Temporal range: Turonian - recent[1]
Cannabis sativa
Scientific classification Edit this classification
Kingdom: Plantae
Clade: Tracheophytes
Clade: Angiosperms
Clade: Eudicots
Clade: Rosids
Order: Rosales
Family: Cannabaceae

See text

  • Celtidaceae Endl.

Cannabaceae is a small family of flowering plants, known as the hemp family. As now circumscribed, the family includes about 170 species grouped in about 11 genera, including Cannabis (hemp), Humulus (hops) and Celtis (hackberries). Celtis is by far the largest genus, containing about 100 species.[2]

Cannabaceae is a member of the Rosales. Members of the family are erect or climbing plants with petalless flowers and dry, one-seeded fruits. Hemp (Cannabis) and hop (Humulus) are the most economically important species.[4]

Other than a shared evolutionary origin, members of the family have few common characteristics; some are trees (e.g. Celtis), others are herbaceous plants (e.g. Cannabis).


Members of this family can be trees (e.g. Celtis), erect herbs (e.g. Cannabis), or twining herbs (e.g. Humulus).[2]

Leaves are often more or less palmately lobed or palmately compound and always bear stipules. Cystoliths are always present and some members of this family possess laticifers.

Cannabaceae are often dioecious (distinct male and female plants). The flowers are actinomorphic (radially symmetrical) and not showy, as these plants are pollinated by the wind. As an adaptation to this kind of pollination, the calyx and corolla are radically reduced to only vestigial remnants found as an adherent perianth coating the seed. A reduced and monophyllous cuplike perigonal bract, properly known as the bracteole, immediately surrounds and protects the seed and is often misnamed as a "calyx". Flowers are grouped to form cymes. In the dioecious plants the male inflorescences are long and look like panicles, while the female ones are shorter and bear fewer flowers. The pistil is made of two connate carpels, the usually superior ovary is unilocular; there is no fixed number of stamens.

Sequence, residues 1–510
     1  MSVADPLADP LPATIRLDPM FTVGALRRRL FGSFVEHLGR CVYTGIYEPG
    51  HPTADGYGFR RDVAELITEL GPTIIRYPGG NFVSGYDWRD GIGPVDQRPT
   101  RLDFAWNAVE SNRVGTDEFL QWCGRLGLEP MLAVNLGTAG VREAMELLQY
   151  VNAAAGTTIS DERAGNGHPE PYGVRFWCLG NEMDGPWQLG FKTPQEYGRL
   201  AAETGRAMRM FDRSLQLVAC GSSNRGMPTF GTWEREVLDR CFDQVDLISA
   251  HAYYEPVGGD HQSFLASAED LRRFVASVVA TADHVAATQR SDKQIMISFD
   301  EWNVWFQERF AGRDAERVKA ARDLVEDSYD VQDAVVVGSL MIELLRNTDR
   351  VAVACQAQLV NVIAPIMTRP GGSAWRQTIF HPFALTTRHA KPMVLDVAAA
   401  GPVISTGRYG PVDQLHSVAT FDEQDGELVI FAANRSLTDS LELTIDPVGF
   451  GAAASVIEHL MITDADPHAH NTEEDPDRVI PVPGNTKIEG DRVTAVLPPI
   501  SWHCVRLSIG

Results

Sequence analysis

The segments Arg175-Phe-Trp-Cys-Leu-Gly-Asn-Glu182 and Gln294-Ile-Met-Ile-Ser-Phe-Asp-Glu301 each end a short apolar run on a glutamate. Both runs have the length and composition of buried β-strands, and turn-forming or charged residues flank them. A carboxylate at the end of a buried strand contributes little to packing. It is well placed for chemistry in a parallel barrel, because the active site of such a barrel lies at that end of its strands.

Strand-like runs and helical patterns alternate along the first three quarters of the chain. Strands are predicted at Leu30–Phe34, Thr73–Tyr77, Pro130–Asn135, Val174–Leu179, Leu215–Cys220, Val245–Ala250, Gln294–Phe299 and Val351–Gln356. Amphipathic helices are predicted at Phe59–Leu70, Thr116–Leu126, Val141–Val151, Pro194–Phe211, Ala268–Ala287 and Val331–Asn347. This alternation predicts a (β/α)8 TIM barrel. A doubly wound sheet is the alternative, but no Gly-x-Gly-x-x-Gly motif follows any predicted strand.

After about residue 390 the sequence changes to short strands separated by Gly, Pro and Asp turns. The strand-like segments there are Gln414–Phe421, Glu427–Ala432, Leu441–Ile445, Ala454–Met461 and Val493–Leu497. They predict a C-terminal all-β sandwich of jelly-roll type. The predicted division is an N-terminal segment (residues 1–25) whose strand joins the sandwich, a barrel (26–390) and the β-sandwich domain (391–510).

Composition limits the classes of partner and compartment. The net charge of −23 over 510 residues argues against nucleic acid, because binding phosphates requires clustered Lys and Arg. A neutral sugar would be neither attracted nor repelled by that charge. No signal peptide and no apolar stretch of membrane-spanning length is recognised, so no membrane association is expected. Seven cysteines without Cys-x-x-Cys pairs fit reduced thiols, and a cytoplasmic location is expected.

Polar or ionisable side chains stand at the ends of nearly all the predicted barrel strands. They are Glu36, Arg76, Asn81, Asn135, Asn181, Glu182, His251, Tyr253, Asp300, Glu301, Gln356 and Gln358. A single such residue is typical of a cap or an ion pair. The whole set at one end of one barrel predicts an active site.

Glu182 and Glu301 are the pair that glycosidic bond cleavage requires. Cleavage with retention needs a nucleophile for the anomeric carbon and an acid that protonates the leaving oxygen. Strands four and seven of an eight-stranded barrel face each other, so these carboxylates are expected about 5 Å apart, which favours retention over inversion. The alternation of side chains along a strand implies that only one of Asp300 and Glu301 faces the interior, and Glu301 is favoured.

The fruit can be an achene or a drupe.



Classification systems developed prior to the 1990s, such as those of Cronquist (1981) and Dahlgren (1989), typically recognized the order Urticales, which included the families Cannabaceae, Cecropiaceae, Celtidaceae, Moraceae, Ulmaceae and Urticaceae, as then circumscribed. Molecular data from 1990s onwards showed that these families were actually embedded within the order Rosales, so that from the first classification by the Angiosperm Phylogeny Group in 1998, they were placed in an expanded Rosales, forming a group which has been called 'urticalean rosids'.[3]

Humulus lupulus with nearly mature flowers (hops)

Cannabaceae comprises the following genera:[5][6][7]


Cannabaceae likely originated in East Asia during the Late Cretaceous. The oldest known pollen typical of members of Cannabaceae is from the Late Cretaceous (Turonian ~94–90 million years ago) of Sarawak, Borneo. Fossils show Cannabaceae were widely distributed in the Northern Hemisphere during the early Cenozoic, though their distribution shifted towards tropical regions in the later Cenozoic due to changing climates.[8]